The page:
Paromita Vohra: A wish and a prayer
I'm not the praying type, unless you count praying to someone called Please God, before exams or other impending doom. I grew up in a family where some people never prayed, and some prayed every day
I'm not the praying type, unless you count praying to someone called Please God, before exams or other impending doom. I grew up in a family where some people never prayed, and some prayed every day. No one asked me to pray, nor did I feel remotely curious about the process. I have never had a religious phase and don't expect to.
Of course, when one goes to a shrine, even as a tourist, it is expected that you will pray. After all, so many famous shrines owe their fame to a wish-granting facility manifested by knotted threads around pillars, locks on bridges, pennies in fountains, candles, wooden tablets and milagros in different desire-shapes — health, love, success or safe travels.
At such shrines, I've often tried to come up with a comprehensive prayer, covering all bases but never bought one of the wish-making objects. Perhaps I was being that terrible thing — realistic — which is another way of thinking wishes don't come true so one should not entertain them.
Then, last year, I spent some days in Myanmar and ended up going to a lot of shrines. Cave upon cave, Buddha upon Buddha, beauty beyond beauty. At the first one, a man gave me a yellow wish-making thread to tie around my wrist. I was nonplussed. It is one thing to go with a wish, and find a thread for it. It is another to be given a thread and have to find the wish.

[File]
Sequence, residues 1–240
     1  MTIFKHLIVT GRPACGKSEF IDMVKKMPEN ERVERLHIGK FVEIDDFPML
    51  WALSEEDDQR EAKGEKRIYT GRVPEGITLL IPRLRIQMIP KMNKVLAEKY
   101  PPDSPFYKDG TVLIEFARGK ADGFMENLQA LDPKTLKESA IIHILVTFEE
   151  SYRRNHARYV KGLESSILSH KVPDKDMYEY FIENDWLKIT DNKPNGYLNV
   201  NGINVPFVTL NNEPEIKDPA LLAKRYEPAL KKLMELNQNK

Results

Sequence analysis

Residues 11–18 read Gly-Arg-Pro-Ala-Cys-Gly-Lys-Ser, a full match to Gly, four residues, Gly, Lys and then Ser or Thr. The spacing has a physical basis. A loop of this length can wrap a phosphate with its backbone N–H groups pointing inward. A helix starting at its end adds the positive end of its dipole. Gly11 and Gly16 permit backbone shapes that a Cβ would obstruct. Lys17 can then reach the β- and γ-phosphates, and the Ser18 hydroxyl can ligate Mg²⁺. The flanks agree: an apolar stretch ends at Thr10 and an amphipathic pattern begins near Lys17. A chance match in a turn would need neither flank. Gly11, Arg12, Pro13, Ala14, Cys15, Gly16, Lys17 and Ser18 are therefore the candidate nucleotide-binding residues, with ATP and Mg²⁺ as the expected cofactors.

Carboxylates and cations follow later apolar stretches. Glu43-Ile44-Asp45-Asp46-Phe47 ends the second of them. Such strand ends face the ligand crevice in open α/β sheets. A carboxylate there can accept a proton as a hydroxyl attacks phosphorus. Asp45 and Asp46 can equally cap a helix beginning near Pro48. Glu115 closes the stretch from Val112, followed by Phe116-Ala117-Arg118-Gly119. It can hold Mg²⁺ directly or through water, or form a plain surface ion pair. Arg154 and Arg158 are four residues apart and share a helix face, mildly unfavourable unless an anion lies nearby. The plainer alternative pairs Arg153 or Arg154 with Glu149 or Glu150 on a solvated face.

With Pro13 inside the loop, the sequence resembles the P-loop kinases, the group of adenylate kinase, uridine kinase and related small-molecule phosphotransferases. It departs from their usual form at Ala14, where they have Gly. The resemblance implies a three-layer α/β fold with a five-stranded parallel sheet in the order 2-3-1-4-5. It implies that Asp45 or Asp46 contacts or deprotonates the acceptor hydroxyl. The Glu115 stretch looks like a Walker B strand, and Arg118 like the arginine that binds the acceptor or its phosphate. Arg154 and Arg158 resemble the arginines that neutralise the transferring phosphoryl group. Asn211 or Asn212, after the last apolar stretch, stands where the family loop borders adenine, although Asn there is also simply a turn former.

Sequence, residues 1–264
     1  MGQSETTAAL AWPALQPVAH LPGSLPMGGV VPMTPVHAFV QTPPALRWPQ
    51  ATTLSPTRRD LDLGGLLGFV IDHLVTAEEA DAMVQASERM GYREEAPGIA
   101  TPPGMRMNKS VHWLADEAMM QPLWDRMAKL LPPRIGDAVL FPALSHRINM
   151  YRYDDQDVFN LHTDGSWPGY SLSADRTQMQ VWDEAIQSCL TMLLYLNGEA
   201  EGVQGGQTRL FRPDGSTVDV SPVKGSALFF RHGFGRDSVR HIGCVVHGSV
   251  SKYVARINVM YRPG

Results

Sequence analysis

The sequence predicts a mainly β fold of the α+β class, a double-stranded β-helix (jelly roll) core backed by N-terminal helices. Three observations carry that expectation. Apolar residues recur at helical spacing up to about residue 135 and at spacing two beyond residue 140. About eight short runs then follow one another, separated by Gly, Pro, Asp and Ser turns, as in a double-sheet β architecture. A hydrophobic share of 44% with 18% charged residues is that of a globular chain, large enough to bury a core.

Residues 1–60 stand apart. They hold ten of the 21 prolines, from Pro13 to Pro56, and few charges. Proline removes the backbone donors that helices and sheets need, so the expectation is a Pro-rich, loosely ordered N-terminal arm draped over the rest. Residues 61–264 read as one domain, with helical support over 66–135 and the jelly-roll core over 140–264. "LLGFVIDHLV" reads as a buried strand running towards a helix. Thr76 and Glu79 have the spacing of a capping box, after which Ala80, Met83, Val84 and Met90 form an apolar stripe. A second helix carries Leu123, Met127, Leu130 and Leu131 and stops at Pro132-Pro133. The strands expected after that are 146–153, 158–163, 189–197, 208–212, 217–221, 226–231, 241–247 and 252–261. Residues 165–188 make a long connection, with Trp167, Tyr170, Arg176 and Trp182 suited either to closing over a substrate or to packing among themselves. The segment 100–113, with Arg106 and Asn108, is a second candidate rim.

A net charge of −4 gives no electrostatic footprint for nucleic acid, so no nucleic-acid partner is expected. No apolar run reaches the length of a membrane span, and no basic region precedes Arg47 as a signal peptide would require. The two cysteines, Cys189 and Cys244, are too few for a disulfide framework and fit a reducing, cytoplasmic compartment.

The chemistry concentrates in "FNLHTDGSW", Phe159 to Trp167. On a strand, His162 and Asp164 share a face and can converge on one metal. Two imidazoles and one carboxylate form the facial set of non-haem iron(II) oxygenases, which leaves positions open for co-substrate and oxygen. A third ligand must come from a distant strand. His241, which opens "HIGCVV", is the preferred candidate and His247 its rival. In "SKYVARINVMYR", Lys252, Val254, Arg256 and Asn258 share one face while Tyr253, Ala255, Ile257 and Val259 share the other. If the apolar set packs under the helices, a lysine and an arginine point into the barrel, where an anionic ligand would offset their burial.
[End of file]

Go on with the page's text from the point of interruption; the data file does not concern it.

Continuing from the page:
I felt pressured to make it count too. One thread, one wish. I closed my eyes and struggled, but found I could not alight on one. I left a little troubled by this. It became my emotional task thereon, to find my wish. You could say I'm task oriented that way.
At every temple, I closed my eyes and tried to stop thinking, and instructed my deepest wish, 'make yourself known goddamit!' A few temples in, I stopped scolding myself. A few temples later, it obliged me with its presence, but also surprised me. I had not known that of all the things in the world I could want, this was the thing I wanted the most. By the last two temples, I prayed for it with a calm intensity.
People are always telling you that prayer and meditation are about transcending desire. And we often understand that as a state of getting to a place where we want nothing. But, maybe, prayers are not about liberating ourselves into desire as much as liberating ourselves from desire; of committing, in a world full of desires, to one desire that's our own — not what we are instructed to desire, by rituals, by algorithms, by marketing campaigns — and taking responsibility for our relationship with it.
I'm still not a praying type. Last week, in another country, I went to my first ever Durga pooja. Clueless about the ritual protocols I just
followed others, eventually ending up hands clasped, eyes closed, praying for something. This time it was easier to let the wish jump out at me. It surprised me again. I smiled to myself at the revelation.
The realistic question is of course: was my prayer granted? To be honest, that matter is under review. I do know this, I granted myself a prayer, and that's no small thing.
Paromita Vohra is an award-winning Mumbai-based filmmaker, writer and curator working with fiction and non-fiction. Reach her at www.parodevipictures.com
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